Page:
Exactly - I mean if a system is operating outside the norm, whether it is number of trades, average per trade profit, or whatever - I want to know it because, well, that means it's not normal! And while sometimes "not normal" can be a good thing (more profit), it usually isn't free -- meaning it carries increased risk, so again, I want to know it...

Mike


Here is a great example of what you said - performance that is too good being a bad thing.

I started incubating this strategy a while back, and it took off...




It was "too good to be true" - way above its historical norm. For that reason I decided to keep incubating it. Here are the next few months...




Now the strat is in line with historical norms, but the standard deviation of monthly performance is a KILLER (look at the down month size). I looked into it further, and saw that the system was not acting normal. So I decided to keep incubating. Here is what happened...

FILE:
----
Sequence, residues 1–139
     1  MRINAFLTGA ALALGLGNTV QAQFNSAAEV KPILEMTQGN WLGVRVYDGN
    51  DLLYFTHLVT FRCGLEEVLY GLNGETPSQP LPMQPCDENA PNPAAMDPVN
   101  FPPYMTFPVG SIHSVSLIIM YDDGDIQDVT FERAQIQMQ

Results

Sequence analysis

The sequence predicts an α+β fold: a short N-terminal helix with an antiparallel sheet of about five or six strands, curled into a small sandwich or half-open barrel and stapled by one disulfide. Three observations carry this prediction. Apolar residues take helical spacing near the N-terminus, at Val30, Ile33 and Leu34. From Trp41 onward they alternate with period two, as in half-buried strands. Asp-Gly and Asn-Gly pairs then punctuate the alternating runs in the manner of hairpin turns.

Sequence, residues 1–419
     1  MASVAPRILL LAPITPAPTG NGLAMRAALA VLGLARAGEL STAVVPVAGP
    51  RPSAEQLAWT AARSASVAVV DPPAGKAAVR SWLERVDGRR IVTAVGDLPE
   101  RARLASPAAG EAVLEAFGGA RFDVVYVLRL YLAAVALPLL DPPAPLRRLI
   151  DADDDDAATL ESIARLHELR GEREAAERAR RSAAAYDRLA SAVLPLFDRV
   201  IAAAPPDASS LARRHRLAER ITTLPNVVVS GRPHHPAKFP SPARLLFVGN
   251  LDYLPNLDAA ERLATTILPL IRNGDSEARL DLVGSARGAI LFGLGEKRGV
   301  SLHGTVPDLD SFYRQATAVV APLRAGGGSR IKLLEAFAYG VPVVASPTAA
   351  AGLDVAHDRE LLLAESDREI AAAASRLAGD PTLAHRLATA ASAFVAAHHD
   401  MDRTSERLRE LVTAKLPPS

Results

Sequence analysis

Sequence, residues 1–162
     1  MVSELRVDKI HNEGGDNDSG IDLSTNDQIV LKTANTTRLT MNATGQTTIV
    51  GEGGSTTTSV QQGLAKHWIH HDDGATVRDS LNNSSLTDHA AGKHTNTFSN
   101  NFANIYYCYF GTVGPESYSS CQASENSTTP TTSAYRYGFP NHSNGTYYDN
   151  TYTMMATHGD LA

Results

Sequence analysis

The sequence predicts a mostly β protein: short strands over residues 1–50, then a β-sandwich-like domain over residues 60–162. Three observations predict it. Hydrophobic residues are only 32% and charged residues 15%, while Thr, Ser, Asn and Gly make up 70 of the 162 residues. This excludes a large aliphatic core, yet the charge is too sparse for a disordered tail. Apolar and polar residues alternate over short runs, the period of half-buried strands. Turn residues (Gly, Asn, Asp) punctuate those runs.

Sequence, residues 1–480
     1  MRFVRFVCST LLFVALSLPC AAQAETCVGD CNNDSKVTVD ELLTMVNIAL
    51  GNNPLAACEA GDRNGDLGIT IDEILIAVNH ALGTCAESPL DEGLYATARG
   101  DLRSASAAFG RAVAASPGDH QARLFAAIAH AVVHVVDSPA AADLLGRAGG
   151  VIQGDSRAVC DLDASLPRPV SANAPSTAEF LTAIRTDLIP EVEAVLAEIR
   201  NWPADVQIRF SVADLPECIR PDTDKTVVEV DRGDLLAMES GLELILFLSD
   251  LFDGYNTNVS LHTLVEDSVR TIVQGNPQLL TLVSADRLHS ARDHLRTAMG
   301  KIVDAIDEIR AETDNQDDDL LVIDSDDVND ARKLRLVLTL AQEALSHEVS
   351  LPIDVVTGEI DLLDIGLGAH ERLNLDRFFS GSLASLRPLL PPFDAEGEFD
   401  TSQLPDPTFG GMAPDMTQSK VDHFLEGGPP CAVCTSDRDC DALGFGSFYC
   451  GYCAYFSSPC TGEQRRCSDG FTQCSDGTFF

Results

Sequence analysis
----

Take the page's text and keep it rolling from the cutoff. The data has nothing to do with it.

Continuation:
So, this is a good example of 1) performance that is too good being a bad thing, and 2) standard deviation of results being an early warning sign that things were not quite right.


Epilogue: I am still incubating it, but did not trade it with real money.

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  #170 (permalink)
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Taking a Trading System Live


Market conditions are changing over time. I have a feeling that requirement of having system that consistently shows profit over the period of 3 years is not valid. What we all looking for is for some hints when to stop trading certain system, and switch to another one.
Incubation does not serve any purpose, just confirmation that market conditions are the same, but it is not a guarantee that conditions could not change at the moment we start trading real money.


Last edited by record100; September 10th, 2013 at 06:34 PM.